How will technology enable businesses to leverage big data for predictive analytics and data curation?

Guest post by Ashley Verrill, CRM Analyst at Software Advice.

Paul Greenberg, 56 Group owner and CRM thought leader, told me recently that Big Data poses two primary challenges to business – volume and velocity. It's not just about the enormity of customer information available; it's the speed at which it's hurdling at you at any given moment

He said in the last year, however, technologies that tackle these obstacles have advanced enormously fast. These services leverage data to help companies know what to do, how to do it and with whom.

“A year ago, Big Data was perceived as a problem to be solved. Now it’s being solved,” he told me. My company provides reviews of CRM systems, and I contacted Greenberg to help me devise the second edition of CRM's Next 5 in 5.

In 2012, my colleague Lauren Carlson contacted five top CRM thought leaders to come up with five technologies that would impact the industry in the next five years – it was a play off of IBM's Next 5 in 5. I decided to revisit that research this year to see if any of these predictions have changed.

Big Data was a common theme between years, but the way this data is being applied has continued to grow. Last year, the group talked about data from the perspective of providing more context about the customer.

This is still a huge trend among technology developers. The difference is companies are using this context and related data for increasingly granular business goals. Beagle Research Group CEO Denis Pombriant called this “curated data.”

“InsideView and Dun and Bradstreet both deliver relevant data to their customers, data that is not secret or obscured by other data that requires analytics to get right. …I am beginning to see new analytics tools that use very different technologies to tease information out of data,” he said.

One example of this curation for a specific purpose might be prompting sales teams into action based on website behavior. In the past, this might have exclusively relied on one specific site visit - someone visited your site and filled out a form.

With curated data from other sources, new technologies can score a lead with onsite behavior and information from data providers. Is that site visitor from a Fortune 500 company, in your industry niche, and the third one from that firm to visit your site that hour? This way, sales can better prioritize their efforts rather than just following up on every prospect that fills out a form. 

This curated data is also being used to predict behaviors and personalize marketing. Let's take the hypothetical I just mentioned. Let's say that Fortune 500 visitor is the fifth from that company to visit your site today and your data service has already identified them as being in your marketing sweet spot.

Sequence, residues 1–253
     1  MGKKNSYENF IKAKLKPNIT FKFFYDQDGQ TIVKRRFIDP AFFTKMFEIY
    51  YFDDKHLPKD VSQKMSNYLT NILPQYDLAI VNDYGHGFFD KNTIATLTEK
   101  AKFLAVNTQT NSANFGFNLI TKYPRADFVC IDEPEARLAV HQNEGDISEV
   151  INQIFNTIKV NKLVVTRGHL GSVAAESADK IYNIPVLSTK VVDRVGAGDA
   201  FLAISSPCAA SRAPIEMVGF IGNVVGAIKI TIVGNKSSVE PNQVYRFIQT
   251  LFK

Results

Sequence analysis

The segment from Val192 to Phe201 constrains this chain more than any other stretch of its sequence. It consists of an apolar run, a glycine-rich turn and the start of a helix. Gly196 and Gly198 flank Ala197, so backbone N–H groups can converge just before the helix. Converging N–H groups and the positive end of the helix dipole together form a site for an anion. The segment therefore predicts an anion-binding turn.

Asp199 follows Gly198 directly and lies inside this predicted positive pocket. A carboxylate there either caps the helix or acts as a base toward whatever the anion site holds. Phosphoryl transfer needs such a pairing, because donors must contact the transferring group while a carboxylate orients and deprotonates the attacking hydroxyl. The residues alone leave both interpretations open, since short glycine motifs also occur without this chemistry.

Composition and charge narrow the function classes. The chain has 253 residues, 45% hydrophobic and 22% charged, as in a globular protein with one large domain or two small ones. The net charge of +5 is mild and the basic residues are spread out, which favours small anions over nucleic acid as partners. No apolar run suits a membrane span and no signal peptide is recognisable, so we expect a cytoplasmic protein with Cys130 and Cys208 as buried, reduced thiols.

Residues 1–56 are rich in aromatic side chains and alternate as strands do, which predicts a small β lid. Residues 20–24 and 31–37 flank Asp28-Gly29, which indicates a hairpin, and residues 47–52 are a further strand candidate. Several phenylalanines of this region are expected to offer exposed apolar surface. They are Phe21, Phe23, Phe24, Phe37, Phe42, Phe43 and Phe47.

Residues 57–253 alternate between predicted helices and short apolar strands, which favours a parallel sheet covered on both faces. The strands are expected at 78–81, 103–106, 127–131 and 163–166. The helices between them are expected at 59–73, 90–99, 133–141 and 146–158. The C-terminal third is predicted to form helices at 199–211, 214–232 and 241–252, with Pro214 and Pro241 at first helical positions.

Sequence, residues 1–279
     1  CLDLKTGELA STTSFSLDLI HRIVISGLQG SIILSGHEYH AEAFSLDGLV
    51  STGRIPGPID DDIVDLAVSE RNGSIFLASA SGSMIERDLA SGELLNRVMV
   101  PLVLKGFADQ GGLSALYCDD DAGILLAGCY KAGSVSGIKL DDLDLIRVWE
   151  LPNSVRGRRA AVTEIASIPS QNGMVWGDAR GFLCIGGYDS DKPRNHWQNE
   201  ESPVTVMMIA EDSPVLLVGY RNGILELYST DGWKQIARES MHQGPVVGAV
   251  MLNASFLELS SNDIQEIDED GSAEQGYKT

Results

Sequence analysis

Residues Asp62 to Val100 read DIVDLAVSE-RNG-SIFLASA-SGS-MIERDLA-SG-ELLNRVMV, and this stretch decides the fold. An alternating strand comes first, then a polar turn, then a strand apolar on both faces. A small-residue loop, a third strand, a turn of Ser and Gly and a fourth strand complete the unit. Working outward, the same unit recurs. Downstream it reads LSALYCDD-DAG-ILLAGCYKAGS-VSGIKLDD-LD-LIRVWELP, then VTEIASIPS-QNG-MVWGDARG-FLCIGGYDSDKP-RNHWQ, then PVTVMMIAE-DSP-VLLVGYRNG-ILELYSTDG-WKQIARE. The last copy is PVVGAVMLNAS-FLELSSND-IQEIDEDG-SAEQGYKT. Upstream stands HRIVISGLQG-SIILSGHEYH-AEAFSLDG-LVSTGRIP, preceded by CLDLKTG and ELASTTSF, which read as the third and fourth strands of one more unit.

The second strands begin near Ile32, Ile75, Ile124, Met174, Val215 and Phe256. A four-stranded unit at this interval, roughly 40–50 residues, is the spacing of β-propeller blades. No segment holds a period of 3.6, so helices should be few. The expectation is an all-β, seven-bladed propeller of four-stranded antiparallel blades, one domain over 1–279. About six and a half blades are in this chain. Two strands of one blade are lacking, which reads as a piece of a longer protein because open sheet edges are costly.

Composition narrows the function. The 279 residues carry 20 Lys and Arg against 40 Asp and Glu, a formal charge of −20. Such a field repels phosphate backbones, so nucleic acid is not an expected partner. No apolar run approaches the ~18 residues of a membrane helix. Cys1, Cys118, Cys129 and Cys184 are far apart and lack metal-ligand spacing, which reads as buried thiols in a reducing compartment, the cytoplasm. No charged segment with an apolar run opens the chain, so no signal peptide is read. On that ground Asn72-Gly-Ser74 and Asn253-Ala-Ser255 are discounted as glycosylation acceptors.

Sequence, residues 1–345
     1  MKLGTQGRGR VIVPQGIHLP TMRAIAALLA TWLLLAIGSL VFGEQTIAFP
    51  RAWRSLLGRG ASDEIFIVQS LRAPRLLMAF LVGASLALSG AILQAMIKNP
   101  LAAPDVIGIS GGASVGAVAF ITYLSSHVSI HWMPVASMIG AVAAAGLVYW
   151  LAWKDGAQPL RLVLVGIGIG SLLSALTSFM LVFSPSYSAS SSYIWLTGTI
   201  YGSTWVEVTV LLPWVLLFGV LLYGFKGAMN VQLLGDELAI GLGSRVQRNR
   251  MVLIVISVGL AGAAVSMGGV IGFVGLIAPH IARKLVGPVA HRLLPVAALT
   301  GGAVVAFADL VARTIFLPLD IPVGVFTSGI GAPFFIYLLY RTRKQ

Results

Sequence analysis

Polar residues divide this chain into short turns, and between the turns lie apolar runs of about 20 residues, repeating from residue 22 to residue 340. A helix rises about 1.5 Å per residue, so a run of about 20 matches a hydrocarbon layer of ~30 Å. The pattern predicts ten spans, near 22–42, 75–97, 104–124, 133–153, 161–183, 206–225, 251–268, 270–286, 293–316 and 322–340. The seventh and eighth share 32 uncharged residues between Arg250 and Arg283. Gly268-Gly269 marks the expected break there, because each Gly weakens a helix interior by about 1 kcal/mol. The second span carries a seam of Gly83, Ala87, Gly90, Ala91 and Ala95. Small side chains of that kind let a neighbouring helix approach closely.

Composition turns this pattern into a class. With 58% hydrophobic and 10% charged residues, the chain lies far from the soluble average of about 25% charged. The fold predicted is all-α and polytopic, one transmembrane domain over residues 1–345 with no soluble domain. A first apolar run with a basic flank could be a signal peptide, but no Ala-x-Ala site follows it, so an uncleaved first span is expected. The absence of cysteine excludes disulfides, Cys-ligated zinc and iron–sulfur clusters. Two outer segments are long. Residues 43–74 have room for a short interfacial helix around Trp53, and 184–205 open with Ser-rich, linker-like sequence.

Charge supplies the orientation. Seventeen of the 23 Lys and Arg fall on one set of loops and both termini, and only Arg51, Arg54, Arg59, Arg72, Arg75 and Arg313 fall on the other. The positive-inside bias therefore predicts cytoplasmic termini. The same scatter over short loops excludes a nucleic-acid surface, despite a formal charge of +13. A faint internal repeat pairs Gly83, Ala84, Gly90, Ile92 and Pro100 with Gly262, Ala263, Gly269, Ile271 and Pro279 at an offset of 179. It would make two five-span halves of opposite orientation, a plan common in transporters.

At the same time your sales team is alerted to reach out, the visitor is being served content and messaging specifically proven in the past to drive such leads to conversion. The tool automatically predicts what white paper, chat, offer or other touch point that specific kind of lead is most likely to respond to.

This kind of predictive analytics is used all the time in the B2C world. Think about Hulu's “What should you watch next?” suggestions. Soon, these technologies will automate these predictions to a much more personal level.

Let's say, for example, that you visit an e-retailer website and add five items to your cart. Five minutes later you get a call and navigate away from the page without buying. You might immediately get an email saying “Buy the items you left in your cart just now and be entered to win an iPad, and get a 10 percent discount.”

This message wouldn't be delivered to everyone that abandons their cart. It was sent you because you've engaged with every contest in the past, only buy discounted items, and are a big spender. It makes ROI sense to send that offer to you because the technology predicted that's a lever they can pull to drive you into action.

These were just a couple examples of how data is now being curated to predict customer behavior and solve specific business challenges. The diversity and the specificity of these applications will continue to evolve as more data becomes available and is harnessed through social and mobile.

Read the rest of our expert group's predictions here:  “Mobile, Social, Data and CRM: Top Analysts Predict the Future.”